It turns out it really is possible to wake up on the wrong side of the bed.
A recent study in The Journals of Gerontology: Psychological Sciences revealed that thinking that you’re going to have a stressful day when you first peel your eyes open in the morning can wreak havoc on your “working memory.”
Clueless about what this really means? Never fear: this specific thought process is a function “which helps people learn and retain information even when they’re distracted,” according to the study’s press release.
Here’s how things played out
As for how the research was carried out, 240 adults, ages 25 to 65, took a bunch of surveys on smartphones for two weeks at different moments of the day (at the beginning, during, and at the end). They also did working memory exercises multiple times daily. The National Institutes of Health aided the research, as well as other sources.
So what’s the big takeaway? The researchers discovered that predicting a stressful day when waking up was linked to “poorer working memory” later on, as the day unfolded.
The conclusions “suggest that anticipatory processes can produce harmful effects on cognitive functioning that are independent of everyday stress experiences,” according to the study.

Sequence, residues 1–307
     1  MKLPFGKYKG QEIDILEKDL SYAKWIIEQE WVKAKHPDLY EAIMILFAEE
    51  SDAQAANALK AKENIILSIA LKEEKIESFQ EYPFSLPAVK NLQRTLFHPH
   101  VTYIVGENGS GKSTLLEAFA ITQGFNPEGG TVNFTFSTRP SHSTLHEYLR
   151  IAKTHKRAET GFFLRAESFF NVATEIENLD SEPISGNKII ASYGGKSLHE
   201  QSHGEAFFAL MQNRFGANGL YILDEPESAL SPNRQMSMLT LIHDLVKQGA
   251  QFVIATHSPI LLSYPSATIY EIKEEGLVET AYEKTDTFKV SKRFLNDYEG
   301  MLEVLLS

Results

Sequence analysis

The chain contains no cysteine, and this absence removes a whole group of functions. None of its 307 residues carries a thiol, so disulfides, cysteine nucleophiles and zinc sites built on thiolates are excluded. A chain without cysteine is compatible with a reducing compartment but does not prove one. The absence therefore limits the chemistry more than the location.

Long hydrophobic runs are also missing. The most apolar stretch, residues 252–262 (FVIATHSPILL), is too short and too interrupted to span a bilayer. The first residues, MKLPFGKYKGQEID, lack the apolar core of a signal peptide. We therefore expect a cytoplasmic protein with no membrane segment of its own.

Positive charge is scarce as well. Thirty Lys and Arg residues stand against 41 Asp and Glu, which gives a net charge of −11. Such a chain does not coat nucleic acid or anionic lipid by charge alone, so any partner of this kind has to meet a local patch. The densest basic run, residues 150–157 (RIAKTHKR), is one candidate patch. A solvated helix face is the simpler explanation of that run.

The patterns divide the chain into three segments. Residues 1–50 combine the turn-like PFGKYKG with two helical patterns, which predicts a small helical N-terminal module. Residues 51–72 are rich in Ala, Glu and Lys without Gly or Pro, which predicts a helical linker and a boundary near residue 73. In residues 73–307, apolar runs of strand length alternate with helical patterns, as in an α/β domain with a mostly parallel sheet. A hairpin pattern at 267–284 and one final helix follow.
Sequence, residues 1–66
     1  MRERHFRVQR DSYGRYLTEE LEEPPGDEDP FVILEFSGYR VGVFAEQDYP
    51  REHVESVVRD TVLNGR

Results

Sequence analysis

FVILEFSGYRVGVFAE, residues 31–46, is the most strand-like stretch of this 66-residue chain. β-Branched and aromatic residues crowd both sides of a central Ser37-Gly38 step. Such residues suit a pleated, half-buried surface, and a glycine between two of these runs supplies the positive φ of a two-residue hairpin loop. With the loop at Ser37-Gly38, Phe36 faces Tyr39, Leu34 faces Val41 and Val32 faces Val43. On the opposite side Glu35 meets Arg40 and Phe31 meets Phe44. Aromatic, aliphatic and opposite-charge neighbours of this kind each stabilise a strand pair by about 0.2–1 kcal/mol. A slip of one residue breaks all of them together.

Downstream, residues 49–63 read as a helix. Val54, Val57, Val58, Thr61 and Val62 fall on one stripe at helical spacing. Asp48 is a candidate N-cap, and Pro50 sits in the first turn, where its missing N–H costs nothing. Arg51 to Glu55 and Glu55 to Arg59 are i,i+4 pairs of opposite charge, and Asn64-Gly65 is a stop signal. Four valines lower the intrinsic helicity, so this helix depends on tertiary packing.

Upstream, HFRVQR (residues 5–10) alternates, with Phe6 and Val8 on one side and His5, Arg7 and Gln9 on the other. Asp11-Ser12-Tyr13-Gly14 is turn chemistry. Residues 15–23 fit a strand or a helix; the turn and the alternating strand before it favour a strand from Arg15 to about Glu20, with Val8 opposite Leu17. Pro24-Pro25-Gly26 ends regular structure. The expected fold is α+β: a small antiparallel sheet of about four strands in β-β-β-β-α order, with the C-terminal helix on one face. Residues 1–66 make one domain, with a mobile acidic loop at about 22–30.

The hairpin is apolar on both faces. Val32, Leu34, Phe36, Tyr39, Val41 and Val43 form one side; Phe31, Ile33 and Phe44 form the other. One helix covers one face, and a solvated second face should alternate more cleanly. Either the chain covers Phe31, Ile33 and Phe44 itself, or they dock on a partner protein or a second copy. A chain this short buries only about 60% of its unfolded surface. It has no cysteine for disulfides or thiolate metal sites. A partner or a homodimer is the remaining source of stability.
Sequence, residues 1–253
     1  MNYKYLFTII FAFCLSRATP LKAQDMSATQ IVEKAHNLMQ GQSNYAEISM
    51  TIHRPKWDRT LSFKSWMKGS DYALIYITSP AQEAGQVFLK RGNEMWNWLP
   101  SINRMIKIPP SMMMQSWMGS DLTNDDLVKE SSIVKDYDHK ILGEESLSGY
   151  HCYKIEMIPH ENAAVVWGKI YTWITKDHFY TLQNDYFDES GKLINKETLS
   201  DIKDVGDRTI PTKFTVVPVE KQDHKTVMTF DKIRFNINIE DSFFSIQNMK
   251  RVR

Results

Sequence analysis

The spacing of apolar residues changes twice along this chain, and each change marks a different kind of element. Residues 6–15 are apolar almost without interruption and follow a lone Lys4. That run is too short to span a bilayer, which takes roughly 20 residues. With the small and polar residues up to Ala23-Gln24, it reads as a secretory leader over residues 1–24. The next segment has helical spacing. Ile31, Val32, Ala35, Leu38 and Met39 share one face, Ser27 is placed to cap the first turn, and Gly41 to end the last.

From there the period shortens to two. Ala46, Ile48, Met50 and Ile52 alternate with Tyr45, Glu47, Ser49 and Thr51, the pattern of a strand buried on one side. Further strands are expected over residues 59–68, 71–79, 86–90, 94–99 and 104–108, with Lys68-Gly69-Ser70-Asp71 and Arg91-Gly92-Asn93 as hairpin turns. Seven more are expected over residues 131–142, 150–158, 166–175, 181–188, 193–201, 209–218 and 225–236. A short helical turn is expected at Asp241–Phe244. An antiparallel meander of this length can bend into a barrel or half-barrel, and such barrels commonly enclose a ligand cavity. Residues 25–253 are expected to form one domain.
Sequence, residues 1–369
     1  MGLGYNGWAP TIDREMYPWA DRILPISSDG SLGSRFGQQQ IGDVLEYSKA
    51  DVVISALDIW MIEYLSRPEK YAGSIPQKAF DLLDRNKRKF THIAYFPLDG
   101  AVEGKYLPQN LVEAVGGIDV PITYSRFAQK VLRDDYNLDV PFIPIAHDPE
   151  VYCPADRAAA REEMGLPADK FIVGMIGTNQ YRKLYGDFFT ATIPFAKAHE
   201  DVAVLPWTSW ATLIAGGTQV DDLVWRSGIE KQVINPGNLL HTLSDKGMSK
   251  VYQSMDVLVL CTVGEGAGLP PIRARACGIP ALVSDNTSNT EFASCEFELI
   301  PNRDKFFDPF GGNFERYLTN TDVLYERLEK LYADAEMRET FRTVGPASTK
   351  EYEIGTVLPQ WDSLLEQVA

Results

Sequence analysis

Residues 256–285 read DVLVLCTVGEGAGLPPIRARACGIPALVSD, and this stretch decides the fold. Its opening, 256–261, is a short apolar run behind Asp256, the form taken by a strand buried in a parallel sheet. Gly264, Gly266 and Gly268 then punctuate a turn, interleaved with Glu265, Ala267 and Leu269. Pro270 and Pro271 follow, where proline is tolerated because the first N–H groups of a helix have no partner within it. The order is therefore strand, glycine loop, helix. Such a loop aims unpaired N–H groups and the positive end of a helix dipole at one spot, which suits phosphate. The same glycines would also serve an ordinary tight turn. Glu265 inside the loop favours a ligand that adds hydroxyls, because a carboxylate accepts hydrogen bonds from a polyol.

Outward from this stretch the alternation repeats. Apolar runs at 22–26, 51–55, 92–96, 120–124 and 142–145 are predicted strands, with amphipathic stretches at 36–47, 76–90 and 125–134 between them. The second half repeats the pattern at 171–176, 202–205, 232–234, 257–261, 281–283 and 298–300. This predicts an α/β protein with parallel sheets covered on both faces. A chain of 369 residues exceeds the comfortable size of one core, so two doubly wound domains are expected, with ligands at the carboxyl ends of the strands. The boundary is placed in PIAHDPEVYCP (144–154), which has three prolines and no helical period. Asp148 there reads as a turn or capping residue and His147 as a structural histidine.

But there’s a catch, of course: oddly enough, these findings only rang true when taking into account the stress that people were expecting at the beginning of the day, not when they were thinking about how difficult the next day could potentially be the night before.
In other words, if you think you are going to have a bad day, you’ve already set yourself up for failure. “When you wake up in the morning with a certain outlook for the day, in some sense the die is already cast…If you think your day is going to be stressful, you’re going to feel those effects even if nothing stressful ends up happening. That hadn’t really been shown in the research until now, and it shows the impact of how we think about the world.” He later added that they’re coming up with further research on how stress impacts people’s physiological states.